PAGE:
It’s all part of his plan you see: act a little right of center occasionally, you know, just to get in, and then before you know it he’s tapping the wealthy for a single payer health-care system, inviting Ahmadinejad over to hammer out peace in the Middle East and then helping illegal immigrants on a path to citizenship while replacing oil companies with government agencies to manage renewable energy just for good measure. And all in his first term no less.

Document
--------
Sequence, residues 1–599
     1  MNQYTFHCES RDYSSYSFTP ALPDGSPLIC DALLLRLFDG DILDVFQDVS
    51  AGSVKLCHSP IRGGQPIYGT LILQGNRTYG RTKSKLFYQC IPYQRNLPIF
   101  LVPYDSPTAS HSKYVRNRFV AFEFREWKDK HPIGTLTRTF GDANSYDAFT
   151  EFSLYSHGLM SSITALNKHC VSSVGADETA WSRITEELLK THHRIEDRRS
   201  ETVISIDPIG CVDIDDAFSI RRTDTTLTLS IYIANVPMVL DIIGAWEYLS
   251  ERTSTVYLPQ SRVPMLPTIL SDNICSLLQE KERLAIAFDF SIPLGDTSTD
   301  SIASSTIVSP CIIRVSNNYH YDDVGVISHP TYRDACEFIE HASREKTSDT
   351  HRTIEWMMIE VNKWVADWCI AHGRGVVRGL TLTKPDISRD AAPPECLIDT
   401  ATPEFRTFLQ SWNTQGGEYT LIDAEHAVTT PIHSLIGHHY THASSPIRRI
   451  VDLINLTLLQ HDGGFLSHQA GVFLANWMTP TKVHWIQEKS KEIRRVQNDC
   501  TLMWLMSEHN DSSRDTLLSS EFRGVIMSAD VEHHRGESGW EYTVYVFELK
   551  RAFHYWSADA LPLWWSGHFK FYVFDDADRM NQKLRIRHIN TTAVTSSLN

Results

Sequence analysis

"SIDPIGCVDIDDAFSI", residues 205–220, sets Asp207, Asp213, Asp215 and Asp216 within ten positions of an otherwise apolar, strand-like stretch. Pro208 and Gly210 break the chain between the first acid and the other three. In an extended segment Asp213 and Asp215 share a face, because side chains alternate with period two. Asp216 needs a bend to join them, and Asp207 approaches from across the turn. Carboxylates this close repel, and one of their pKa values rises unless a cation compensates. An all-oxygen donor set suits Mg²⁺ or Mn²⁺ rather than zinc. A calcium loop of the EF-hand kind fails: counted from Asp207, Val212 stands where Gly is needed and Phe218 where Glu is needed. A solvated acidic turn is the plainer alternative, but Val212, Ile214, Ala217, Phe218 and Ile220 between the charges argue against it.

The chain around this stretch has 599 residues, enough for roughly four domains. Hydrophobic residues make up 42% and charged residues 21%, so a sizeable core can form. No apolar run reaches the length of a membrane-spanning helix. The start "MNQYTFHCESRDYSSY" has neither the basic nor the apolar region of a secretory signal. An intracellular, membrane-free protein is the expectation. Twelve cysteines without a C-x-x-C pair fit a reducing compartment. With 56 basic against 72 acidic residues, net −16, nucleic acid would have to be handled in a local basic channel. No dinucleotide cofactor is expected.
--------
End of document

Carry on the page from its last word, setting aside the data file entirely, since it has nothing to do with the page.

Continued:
We have already seen this straw man tested out – so far unsuccessfully – in recent congressional elections, not only because the right feel it is a something of an achilles heal for Obama, and by extension Democrats asscociated with Obama, but mainly because this is the very real fear of many on the right. I’ve lost count of how many times I have read or heard right-wing pundits citing the National Journal’s report calling Obama the most liberal politician in the Senate of 2007. And if you have any means of communication whatsoever, whether it is a Blackberry or a pair of tin-cans and some string, you will no doubt be pounded to deafness with that message as we shift gears from intra-party battle of attrition to all out ideological war.